ALPINE SCALP (some text hidden)
By Jonathan Crouch
Sportscar enthusiasts will welcome back the Alpine brand and its first credible modern-era contender, the A110 coupe. Jonathan Crouch drives it
Ten Second Reviewword count: 40
Alpine is a name you might dimly remember. A French sportscar manufacturer long forgotten. Except that it's back. And this Renault-owned brand is gunning for class-leading performance coupes like Porsche's 718 Cayman and BMW's M2 with this car, the A110.
Backgroundword count: 144
Alpine has quite a history. So much so in fact that you might wonder why it took Renault so long to reinstate the marque in the sportscar sector. Founder Jean Redele created the marque to build lightweight, compact, highly agile sportscars, but the company has also been highly instrumental in Renault motorsport success, the Alpine-Renault team claiming the World Rally Championship manufacturers' title in 1973. In more recent road car terms, there's been little that's been properly Alpine-badged since the sleek GTA coupe of 1985, but in 2012, a joint venture with Caterham Cars was hatched to revive the brand. It was based around creating the design you see here, but Caterham pulled out of the project in 2014. Leaving Alpine to complete the task of bringing what has become this A110 model to market. Here, we take a look at the revised range.
Driving Experienceword count: 239
All A110 variants get a 1.8-litre turbocharged four cylinder engine mated to a quick-shifting 7-speed paddle-shift Getrag dual-clutch auto gearbox - there's unfortunately no manual option. The standard model offers 252hp, but you can also consider pricier 'GT' and more driver-focused 'S' and 'R' models, both of which use the same engine tuned out to 300hp. These top versions get a sports exhaust so you can hear it better and the 'S' and more lightweight 'R' feature a Sport chassis with recalibrated anti-roll bars and 50% stiffer coil springs. Across the range, as you'd expect, there's a driving modes system offering Normal, Sport and Race options. As for the figures, well rest to 62mph occupies 4.5s in the standard model (it's 4.2s with the 300hp variants) on the way to the 170mph top speed that all A110 models share. By comparison, a Porsche 718 Cayman manages 5.1s and 171mph. The aluminium body has a low centre of gravity - there's a near-perfect 44/56 front-to-rear weight distribution - and doesn't need the broad tyres that some rivals depend on for cornering vim. In the 'S' model, there are hollow lightweight anti-roll bars instead of solid heavy ones - one reason why the kerb weight of this car can dip beneath the 1,150kg mark. Armed with this information, you start to understand why the performance of this car betters its Cayman counterpart, even though this Alpine engine's output is much lower.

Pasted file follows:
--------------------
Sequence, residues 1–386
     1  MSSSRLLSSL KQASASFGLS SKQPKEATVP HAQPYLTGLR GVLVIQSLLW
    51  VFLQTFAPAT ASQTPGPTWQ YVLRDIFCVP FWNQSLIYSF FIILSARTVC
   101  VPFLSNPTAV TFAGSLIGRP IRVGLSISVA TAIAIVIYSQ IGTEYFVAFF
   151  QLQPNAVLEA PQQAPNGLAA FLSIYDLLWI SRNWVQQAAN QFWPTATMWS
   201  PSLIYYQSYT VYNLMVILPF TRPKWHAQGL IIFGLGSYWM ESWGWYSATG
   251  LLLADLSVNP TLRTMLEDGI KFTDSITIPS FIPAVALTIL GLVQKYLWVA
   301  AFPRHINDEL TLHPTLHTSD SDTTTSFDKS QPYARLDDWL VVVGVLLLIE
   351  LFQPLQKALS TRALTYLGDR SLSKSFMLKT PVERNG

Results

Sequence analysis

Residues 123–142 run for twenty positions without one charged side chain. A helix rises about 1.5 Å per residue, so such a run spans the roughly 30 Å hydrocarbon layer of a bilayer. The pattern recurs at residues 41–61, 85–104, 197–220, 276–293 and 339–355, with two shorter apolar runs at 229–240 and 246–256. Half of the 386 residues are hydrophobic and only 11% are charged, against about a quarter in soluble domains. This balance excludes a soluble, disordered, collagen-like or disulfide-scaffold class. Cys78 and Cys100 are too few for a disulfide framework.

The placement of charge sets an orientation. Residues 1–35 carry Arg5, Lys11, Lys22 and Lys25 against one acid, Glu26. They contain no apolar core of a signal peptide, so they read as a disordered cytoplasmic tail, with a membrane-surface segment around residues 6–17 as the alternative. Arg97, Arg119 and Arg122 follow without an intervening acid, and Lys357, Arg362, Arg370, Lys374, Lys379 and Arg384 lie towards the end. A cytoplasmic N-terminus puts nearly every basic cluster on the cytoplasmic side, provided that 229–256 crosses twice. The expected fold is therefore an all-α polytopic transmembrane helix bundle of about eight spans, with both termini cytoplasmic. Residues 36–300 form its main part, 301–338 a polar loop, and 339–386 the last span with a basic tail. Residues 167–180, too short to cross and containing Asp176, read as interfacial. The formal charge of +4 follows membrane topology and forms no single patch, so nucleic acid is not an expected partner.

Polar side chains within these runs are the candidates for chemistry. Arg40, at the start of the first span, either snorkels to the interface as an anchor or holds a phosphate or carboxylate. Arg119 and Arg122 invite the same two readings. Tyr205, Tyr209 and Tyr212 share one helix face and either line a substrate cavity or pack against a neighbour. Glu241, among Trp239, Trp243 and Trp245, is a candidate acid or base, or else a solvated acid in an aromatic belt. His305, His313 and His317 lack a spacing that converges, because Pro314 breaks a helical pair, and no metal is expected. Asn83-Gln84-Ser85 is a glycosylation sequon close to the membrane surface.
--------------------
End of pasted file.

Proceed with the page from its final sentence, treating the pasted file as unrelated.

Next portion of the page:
To see the full road test text contact us on 0330 0020 227
Pictures (high res disabled)
Scoring (subset of scores)
Category: Sporting Cars
|Styling, Build, Value, Equipment, Depreciation, Handling, Insurance and Total scores are available with our full data feed.|